How many miles could a person expect to drive a car that had no engine oil?
No very far and the engine is toast, Castrol’s “advertising” to the contrary.
And Castrol was forced by the FTC to remove that advertisement too.
Well, I have an actual case of such a situation. My father-in-law sold his Buick (which had a trailer towing package) to a colleague, who took it to Woolco automotive for an oil change. They forgot to put the oil in and the owner drove away with no oil in the crankcase. He got to about 6 miles before the engine seized up. Woolco footed the bill for a replacement engine.
Another reason, as many posters pointed out, to be VERY CAREFUL in picking lube chains to do your work.
You can ruin an engine in just a few miles (maybe less) if there is no oil in the crankcase or no oil PRESSURE in the engine. In my younger days I tried to make it 2 miles home with the oil pressure warning light on. I made it but the engine needed a rebuild. Not worth it.
There is no fixed number of miles. Just know that damage occurs as soon as you start an engine that has no oil.
Thanks, The nature of my inquiry is from a customer complaint. I operate a repair shop and was accused of not putting oil back into an engine during an oil change. The customer took the car home, parked it for 2 months then drove about 300 miles. After the trip, the engine had a knocking sound and the customer added 4 quarts of oil to the engine. Since there was no oil present under the car where it was parked, and no oil present under the vehicle from driving 300 miles, she is convinced that we forgot to fill the engine with oil. Most vehicles would show signs of leakage on the chassis from a drip, but I suppose it is possible that the aerodynamics of some vehicles would allow the oil to get “blown” to the ground depending on the air turbulence and body design. The car is a 1968 Mustang.
Impossible to drive that far on no oil!!
It is possible for a 1968 Mustang with an engine in poor condition to lose 4 quarts of oil in 300 miles. one or more stuck or broken oil control rings, malfunctioning PCV system, excessive internal engine wear can all make this happen. This is especially true if the car was driven hard for 300 miles after sitting around for a long time.
This vehicle, 40 years old, must have sat often unused for lengthy periods of time and has no doubt deteriorated seals. On a fast highway trip oil can disappear in the various ways mentioned, without leaving signs of leakage or visible blue smoke in the exhaust.
Less than 50 miles, if you had good “breaking in” oil, previously.
However, don’t try it!
I got lucky, once, lost my “Oil Drain Plug”, but noticed the sudden drop in oil pressure, and am still “running” with the same engine.
Hiking back down the road, I found the oil splash, about 5 miles from where the truck was stopped! But, most of the time, the engine will “freeze” without oil in less than 20 miles.
So, check your oil after any “quick change”, before you drive it home!
And, always look under your vehicle, before starting your car, since it may get “sabotaged” by any of your enemies.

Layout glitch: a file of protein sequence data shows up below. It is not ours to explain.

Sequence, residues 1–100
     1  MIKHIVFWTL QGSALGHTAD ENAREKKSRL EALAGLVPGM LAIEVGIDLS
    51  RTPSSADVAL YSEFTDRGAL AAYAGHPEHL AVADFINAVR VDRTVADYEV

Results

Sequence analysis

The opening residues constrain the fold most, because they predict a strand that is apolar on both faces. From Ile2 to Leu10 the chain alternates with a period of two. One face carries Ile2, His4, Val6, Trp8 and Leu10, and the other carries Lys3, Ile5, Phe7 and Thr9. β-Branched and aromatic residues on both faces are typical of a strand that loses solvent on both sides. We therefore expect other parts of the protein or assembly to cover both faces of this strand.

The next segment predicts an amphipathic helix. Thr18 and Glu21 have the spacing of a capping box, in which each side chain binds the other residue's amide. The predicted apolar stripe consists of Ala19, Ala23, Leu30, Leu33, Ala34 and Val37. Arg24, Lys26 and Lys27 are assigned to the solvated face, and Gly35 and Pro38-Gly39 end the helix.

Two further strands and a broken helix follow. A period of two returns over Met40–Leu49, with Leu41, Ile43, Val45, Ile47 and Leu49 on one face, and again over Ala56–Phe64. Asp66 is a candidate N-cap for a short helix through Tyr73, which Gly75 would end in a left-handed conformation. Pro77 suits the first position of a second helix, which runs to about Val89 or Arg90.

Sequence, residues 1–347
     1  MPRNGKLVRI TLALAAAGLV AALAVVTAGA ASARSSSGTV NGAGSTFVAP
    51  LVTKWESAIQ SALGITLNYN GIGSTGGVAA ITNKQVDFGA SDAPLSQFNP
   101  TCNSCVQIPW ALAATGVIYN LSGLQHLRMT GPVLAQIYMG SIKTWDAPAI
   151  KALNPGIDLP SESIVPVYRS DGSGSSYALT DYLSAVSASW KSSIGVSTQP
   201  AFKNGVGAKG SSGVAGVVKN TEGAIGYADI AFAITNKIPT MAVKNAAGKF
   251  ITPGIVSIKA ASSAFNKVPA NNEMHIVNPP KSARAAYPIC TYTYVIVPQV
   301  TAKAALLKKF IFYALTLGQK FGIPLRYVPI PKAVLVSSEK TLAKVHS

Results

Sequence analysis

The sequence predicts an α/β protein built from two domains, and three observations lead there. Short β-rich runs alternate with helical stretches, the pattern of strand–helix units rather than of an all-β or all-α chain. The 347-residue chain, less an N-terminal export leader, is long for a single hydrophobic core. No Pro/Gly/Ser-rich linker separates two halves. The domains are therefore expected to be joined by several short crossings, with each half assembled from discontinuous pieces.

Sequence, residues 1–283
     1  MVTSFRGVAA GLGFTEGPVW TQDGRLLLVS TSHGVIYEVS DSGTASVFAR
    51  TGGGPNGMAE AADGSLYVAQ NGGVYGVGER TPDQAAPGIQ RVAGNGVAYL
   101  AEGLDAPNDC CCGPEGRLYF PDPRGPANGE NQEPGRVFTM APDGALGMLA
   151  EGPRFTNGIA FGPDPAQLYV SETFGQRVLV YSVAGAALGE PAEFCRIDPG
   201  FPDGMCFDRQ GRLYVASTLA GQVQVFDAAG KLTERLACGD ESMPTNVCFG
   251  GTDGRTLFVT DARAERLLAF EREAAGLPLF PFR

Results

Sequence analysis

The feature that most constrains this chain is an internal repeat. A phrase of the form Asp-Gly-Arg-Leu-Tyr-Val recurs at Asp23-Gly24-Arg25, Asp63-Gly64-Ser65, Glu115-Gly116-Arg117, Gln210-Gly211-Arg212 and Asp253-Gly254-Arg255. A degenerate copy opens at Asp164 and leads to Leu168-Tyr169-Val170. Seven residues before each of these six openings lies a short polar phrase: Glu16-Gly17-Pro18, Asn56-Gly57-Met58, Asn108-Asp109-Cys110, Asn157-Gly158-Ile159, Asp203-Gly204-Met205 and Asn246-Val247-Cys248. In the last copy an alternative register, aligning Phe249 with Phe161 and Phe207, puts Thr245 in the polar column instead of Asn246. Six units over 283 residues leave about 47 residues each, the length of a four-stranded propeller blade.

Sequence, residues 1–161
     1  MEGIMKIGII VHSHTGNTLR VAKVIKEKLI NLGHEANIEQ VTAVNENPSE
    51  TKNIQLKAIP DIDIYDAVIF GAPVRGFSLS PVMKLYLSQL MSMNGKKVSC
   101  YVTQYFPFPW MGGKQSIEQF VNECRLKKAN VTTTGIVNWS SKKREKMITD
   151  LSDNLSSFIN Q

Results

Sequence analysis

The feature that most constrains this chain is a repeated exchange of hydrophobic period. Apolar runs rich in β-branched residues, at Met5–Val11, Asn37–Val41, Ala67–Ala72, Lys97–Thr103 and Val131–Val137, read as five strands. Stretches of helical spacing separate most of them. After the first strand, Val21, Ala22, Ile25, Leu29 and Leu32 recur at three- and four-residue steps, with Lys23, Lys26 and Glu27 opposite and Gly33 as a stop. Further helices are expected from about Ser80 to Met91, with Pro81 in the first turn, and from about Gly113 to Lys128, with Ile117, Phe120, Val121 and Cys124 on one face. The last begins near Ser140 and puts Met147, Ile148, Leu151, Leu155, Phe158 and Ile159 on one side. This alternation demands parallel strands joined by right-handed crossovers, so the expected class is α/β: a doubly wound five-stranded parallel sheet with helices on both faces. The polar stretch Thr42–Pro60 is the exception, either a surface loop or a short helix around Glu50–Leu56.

An engine with no oil is not going to make it more than a mile or two and any symptoms (oil light, knocking, etc) would be readily apparent.
There is no way on earth this person drove the car home, parked it for a few months, took a 300 mile trip, and THEN discovered there was no oil.
If you had left the oil out the car owner would not have made it home much less a 300 mile trip in it.
Bottom line is that this car did not move that far with no oil in it - period. If one used the argument that you did indeed leave the oil out then why did the car owner ignore the oil light? Why did they ignore clattering valve lifters, which are going to be rattling? Why did they wait several months, take a trip, and NOW complain?
Something has occurred with this car and they’re just looking to pin it on somebody. Engine burning oil like a bandit, car loaned out to someone with a lead foot, possibly hammered the car hard themselves, who knows?
My feeling is that it’s an oil burner or may have overheated badly in which case it then became an oil burner.
Inspection of the spark plugs and tailpipe could help determine this.
The guy owns a classic mustang and has someone else do his oil changes for him?!
When I had my 65 Chevelle, I did the oil changes myself. Granted the more mechanically challenging things(for me anyways) like the distributor, points, spark plugs, etc I hired out. biggest thing about the plugs was that I didn’t have a torque wrench to tighten it up to specs.
It may be sad, but I’ve never used a torque wrench to tighten spark plugs to specs. Never had any problems with anything stripping, seizing, or coming loose. (even on aluminum engines) Perhaps I’ve just lived a charmed life.
Agreed with you. I never use a torque wrench, even on aluminum heads. “Feel” is a much easier and safer method.
There may be other factors at work, but in answer to your direct question, I’d guess damage would begin at about the half mile mark and the engine would probably sieze at about the five mile mark. All this time, the oil pressure light HAD to be on. At first glimpse, the driver should have shut the engine off.
I DO NOT believe that you are at fault here at all. There are too many things that should have clued the driver that the oil was low, IF INDEED IT WAS LOW. I think the car was an oil burner, used up its oil and siezed. The driver is trying to stick you with the problem caused by their negligence.